Researchers betting on “Trojan horse” to defeat multiple sclerosis

A group of researchers at the University of Regina have drawn on Greek mythology to try to fight multiple sclerosis. They try to use a protein to deceive the cells responsible for the disease and destroy them.

The researcher Josef Buttigieg, himself suffering from multiple sclerosis.

“As the Athenians besiege the city of Troy, they ask for a horse statue. The Athenians offer them one, but what the Trojans do not know is that some of their enemies are hidden in the gift they receive,” says the researcher.

One protein hides another

It is precisely this method of the poisoned gift that researchers are trying to use to stop multiple sclerosis, an autoimmune disease in which the immune system attacks myelin, protects neurons, and leaves plaques of scar tissue.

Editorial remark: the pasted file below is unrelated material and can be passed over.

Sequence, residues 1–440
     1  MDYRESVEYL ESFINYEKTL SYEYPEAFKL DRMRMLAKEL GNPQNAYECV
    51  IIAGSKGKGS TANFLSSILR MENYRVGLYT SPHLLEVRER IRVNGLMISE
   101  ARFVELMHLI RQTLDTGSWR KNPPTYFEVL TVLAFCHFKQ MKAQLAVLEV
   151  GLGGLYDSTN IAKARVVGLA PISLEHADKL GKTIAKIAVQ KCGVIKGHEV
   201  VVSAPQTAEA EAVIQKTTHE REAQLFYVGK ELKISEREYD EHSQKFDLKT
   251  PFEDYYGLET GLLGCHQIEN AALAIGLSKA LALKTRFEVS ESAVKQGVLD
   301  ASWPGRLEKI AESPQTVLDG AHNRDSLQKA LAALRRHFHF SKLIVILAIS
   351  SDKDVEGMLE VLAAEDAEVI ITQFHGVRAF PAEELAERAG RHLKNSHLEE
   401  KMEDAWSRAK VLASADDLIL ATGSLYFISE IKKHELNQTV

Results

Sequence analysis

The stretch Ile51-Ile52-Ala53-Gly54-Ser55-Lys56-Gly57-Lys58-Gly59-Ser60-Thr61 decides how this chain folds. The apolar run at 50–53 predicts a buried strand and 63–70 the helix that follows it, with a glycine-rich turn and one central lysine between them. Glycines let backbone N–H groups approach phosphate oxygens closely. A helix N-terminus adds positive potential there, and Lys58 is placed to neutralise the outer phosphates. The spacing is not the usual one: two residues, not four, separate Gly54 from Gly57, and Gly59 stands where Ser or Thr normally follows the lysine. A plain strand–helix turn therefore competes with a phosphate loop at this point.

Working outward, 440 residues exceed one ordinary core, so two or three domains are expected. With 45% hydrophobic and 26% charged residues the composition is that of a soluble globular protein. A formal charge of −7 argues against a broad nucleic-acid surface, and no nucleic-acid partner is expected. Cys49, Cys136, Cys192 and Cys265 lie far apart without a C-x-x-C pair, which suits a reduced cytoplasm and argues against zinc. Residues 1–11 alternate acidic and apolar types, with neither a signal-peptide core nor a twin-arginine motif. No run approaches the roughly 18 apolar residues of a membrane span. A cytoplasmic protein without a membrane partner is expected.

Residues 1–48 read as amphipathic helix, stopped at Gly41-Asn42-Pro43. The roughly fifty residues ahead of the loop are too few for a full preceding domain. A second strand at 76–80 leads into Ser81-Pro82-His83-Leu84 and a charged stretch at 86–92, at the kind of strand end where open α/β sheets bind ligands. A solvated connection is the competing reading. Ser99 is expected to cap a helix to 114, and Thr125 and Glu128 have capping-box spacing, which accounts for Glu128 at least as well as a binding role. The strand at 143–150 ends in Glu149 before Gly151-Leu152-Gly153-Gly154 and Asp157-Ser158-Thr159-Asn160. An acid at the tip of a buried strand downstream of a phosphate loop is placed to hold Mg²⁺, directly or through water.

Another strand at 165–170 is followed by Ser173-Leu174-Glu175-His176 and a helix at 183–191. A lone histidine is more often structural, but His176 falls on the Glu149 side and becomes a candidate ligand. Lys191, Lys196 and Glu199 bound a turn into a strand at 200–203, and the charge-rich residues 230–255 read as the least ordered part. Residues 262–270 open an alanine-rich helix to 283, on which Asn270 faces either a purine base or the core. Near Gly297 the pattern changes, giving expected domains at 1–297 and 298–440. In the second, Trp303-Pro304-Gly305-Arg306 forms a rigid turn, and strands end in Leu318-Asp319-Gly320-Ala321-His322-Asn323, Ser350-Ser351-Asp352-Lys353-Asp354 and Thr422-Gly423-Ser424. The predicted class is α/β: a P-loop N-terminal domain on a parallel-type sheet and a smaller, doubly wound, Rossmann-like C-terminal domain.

“The result of the destruction of this protective layer is a short circuit of the neurons leading to paralysis,” says Buttigieg.

To attack the cells that destroy myelin, the researchers propose attaching two deadly proteins to the cells of the immune system that are attributed the cause of multiple sclerosis to a third, which these cells need.

It’s like the story of the Trojan horse. These cells are given the protein they want, but they do not know they have attached a “bomb.”

Josef Buttigieg, Associate Professor and Researcher in Neurobiology at the University of Regina
Experiments performed on mice since August 2018 give hope to researchers.

Mice highly affected by multiple sclerosis who received treatment could start walking again. The researchers also found that the cells that attacked the tissues of the four-legged patients are gone and that these tissues have begun to heal.

“By eliminating the cause of the problem, the body has the chance to repair itself,” says Buttigieg.

The researchers hope to start a clinical study soon.

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